Over the holidays, we did some tinkering with our media system and I discovered I could watch TED Talks on our TV, and I proceeded to nerd out on TED for a few hours the other day. One talk I watched was entitled, “What do Babies Think,” by Alison Gopnik (psychology professor/researcher at U.C. Berkley and author of many books, including The Philosophical Baby). In this talk, Gopnik characterizes children’s consciousness as lanterns, with rays of attention shooting out in multiple directions at once, and thus receiving information from multiple directions at once. In contrast, our adults consciousness is more like a spotlight, where we are more likely attend to one concept, object, idea at a time. Children have a harder time focusing their attention, but their brains are more plastic and elastic, and they develop and expand in multiple ways simultaneously. Gopnik says that being a baby is like “being in love in Paris for the first time after you’ve three double espressos. It’s a fantastic way to be, but it does leave you crying at 3:00 in the morning!”
I love this! And, I think about the lantern-learning of children in my Music Together classes, experiencing melody, rhythm, tone, beat, phrasing, tempo, dynamics, harmony, community music-making, turn-taking, anticipation, humor, emotion, and so on–simultaneously. We adults end up focusing on a narrow band of stimuli at a time during class, but the children are tuned in to the whole experience. For some, this lantern-learning involves sitting still and staring. Other children need to move their lanterns around the room. Either way, it’s no wonder that they grow and develop so quickly, making music-development leaps from one semester to the next that might take an adult years to master.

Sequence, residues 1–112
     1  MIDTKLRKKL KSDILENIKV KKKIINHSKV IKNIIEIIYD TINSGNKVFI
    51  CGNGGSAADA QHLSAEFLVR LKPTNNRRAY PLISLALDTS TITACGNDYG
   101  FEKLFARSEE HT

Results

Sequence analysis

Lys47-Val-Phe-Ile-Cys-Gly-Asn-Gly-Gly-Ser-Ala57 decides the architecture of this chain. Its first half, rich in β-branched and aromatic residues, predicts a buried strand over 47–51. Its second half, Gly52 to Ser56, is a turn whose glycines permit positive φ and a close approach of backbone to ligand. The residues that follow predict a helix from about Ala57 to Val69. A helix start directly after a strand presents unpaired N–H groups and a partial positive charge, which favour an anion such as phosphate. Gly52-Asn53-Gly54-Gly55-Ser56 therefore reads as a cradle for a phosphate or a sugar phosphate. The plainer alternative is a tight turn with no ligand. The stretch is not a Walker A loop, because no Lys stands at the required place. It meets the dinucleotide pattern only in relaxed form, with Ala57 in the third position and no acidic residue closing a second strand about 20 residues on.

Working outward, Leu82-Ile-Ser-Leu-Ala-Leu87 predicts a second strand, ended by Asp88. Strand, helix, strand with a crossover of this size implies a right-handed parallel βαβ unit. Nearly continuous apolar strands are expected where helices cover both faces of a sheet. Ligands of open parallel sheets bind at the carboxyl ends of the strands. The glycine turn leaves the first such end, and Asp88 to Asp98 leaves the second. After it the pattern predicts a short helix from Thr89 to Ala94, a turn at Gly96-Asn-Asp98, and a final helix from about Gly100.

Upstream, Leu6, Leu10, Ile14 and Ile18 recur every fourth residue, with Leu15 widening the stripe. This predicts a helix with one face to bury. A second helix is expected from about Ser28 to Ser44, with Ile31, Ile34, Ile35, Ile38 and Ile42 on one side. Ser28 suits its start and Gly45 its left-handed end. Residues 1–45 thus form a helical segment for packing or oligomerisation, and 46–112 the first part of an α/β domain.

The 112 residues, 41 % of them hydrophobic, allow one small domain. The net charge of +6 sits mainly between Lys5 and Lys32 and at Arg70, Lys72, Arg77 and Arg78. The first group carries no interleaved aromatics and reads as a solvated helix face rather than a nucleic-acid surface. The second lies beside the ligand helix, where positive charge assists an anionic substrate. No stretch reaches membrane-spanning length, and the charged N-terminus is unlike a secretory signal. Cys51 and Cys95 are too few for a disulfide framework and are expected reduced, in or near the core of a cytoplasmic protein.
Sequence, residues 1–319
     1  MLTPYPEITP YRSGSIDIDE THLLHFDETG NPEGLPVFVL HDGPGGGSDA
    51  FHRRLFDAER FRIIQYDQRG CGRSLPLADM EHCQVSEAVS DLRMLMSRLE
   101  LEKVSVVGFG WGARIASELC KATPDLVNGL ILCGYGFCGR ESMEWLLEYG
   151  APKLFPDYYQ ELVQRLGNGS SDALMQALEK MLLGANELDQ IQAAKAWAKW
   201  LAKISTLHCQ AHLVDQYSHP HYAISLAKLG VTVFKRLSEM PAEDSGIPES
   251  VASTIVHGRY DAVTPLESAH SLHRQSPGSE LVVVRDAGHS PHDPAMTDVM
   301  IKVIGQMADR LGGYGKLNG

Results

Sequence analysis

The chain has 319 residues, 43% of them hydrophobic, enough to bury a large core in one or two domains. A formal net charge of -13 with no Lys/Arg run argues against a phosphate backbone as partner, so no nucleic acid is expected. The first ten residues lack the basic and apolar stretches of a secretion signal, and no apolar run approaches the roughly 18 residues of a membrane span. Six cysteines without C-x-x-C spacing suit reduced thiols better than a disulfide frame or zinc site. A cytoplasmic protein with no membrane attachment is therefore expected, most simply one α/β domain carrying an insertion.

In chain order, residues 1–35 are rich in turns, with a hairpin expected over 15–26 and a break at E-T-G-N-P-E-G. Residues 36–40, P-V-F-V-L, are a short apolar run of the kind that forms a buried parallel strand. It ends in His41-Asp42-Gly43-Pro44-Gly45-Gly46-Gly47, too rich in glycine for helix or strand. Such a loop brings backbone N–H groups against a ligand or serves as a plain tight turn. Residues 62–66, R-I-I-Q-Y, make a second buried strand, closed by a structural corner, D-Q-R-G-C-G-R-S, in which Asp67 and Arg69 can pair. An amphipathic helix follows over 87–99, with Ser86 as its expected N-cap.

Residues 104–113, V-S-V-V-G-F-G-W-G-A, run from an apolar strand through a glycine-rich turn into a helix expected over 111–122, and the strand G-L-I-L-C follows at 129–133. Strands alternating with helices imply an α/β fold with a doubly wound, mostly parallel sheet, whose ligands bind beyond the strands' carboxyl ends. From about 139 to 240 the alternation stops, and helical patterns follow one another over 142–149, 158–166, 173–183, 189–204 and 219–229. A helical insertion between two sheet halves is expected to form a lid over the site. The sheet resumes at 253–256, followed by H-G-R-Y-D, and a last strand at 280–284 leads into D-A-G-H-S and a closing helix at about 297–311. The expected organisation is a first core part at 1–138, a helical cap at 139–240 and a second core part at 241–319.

Gopnik calls our children the Research and Development branch of humanity, while we adults take on Production and Marketing. I’ll buy that, and I’m imagining where our little music researchers’ learning spotlights will be shining when they are all grown up.